Indian wars and pioneers of Texas / by John Henry Brown. Page: 835 of 894
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INDIAN WARS AND PIONEERS OF TEXAS.
Hon. Barnett Gibbs, ex-Lieutenant-Governor of
Texas, ex-member of the State Senate and now,
and for many years, a prominent figure in public
life in Texas, was born in Yazoo City, Miss., May
19, 1851. His parents were Judge D. D. and Mrs.
Sallie Dorsey Gibbs, of that State. He is a grandson
of Gen. George W. Gibbs, of Tennessee. He
received his literary education at Spring Hill
College, Mobile, Ala., and at the University of
Virginia, and his professional education at the Law
School at Lebanon, Tenn. He came to Texas in
1873, and located at Dallas, his present home. The
citizens of Dallas early showed their appreciation
of Mr. Gibbs' legal talent by electing him City
Attorney. This position he held during a period of
six years. He was then elected to the State Senate,
made a splendid record, and was later nominated
by the Democracy and elected to the position of
Lieutenant-Governor. This office he filled from
1882 to 1886, during Ireland's administration.
Col. Gibbs is the youngest Lieutenant-Governor
Texas ever had, the youngest acting Governor, the
youngest Senator, and represented the largest senatorial
district in the State. His friends, recognizing
in him the requisite qualities to represent the
State with creditable ability, brought him out for
Congress, and he made the race for the Democratic
nomination against Hon. Olin Wellborn. The contest
resulted in locking the convention, and, as
usual, a compromise was effected by bringing in
the traditional "dark horse," named by Gibbs,
who withdrew in favor of Hon. Jo Abbott, who
received the nomination.
Col. Gibbs is a prominent Odd Fellow, being
Past Grand Master of the order in Texas.
His wife was Miss Sallie Haynes, a daughter of
the late J. W. Haynes. He was one of the principal
and most effective workers in the movements
that resulted in Deep-Water conventions being held
in Fort Worth, Denver, Topeka and elsewhere, and
the Federal Congress making suitable appropriations
for securing deep-water harbors on the Texas
coast. He has been a liberal contributor to railroads
and every worthy enterprise designed for the
upbuilding of his section and the State at large.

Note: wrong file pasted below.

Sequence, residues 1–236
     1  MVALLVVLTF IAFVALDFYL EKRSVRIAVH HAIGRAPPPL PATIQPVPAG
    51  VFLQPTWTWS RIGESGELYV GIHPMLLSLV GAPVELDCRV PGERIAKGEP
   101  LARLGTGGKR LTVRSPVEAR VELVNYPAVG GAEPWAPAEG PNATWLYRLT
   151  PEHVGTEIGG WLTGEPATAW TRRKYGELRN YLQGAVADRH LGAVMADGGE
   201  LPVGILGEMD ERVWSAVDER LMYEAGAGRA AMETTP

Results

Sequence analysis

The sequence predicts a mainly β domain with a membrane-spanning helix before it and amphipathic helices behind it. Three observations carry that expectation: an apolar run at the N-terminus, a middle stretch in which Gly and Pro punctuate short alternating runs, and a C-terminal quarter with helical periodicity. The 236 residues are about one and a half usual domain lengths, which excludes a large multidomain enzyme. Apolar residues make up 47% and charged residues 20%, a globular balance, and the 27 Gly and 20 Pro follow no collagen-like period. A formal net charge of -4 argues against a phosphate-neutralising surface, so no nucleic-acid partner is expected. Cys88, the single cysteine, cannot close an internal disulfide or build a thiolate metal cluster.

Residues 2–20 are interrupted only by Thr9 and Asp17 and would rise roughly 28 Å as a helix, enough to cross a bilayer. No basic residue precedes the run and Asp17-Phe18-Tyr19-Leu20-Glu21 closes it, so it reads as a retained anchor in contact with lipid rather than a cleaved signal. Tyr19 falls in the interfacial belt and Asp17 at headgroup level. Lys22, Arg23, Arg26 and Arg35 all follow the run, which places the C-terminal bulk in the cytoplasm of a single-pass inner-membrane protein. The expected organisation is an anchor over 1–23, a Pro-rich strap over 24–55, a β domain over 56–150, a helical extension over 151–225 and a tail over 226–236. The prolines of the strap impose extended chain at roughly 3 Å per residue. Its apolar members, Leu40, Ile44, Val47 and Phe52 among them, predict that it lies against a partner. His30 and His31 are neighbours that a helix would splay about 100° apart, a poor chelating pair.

As a lawyer, he stands deservedly high, and through
his practice and good financiering, he has accumulated
a comfortable fortune.
Enjoying a large personal and political following,
possessed of remarkable qualities as a statesman
and politician and being a powerful and magnetic
speaker and a polished and trenchant writer, he
has wielded a wide influence in shaping the course
of public events in Texas. He has at all times
shown himself a friend of the people and a champion
of the cause of good government.
= .. _
DAVID M. LEVEL,
The subject of this brief memoir is one of the
few Texas veterans who still survive to relate to
the historian for the benefit of coming generations
the experiences of pioneer life on the Southwestern
frontier. With the rapid flight of years they have
one by one been passing away and if the story is
not gleaned now it will soon pass out of human
memory. Col. Level came to Texas at a time
when there was great need for young men of his
stamp. He is a native of the Old Dominion (State
of Virginia) and was born at White Sulphur
Springs, in a portion of the State since set off as
West Virginia, January 1st, 1824.
His father, James Level, was a mason by trade,
a native of County Down, Ireland, and came to
America at about twenty-one years of age a single
man and located in Virginia. He married Miss
Nancy McClure, a daughter of David McClure, at
her father's house in Green Briar County, where
she was born in the year 1798.
Mr. and Mrs. Level had two sons and two daughters,
of whom the subject of this notice was the
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Brown, John Henry. Indian wars and pioneers of Texas / by John Henry Brown., book, 1880~; Austin, Tex.. (texashistory.unt.edu/ark:/67531/metapth6725/m1/835/: accessed November 18, 2017), University of North Texas Libraries, The Portal to Texas History, texashistory.unt.edu; .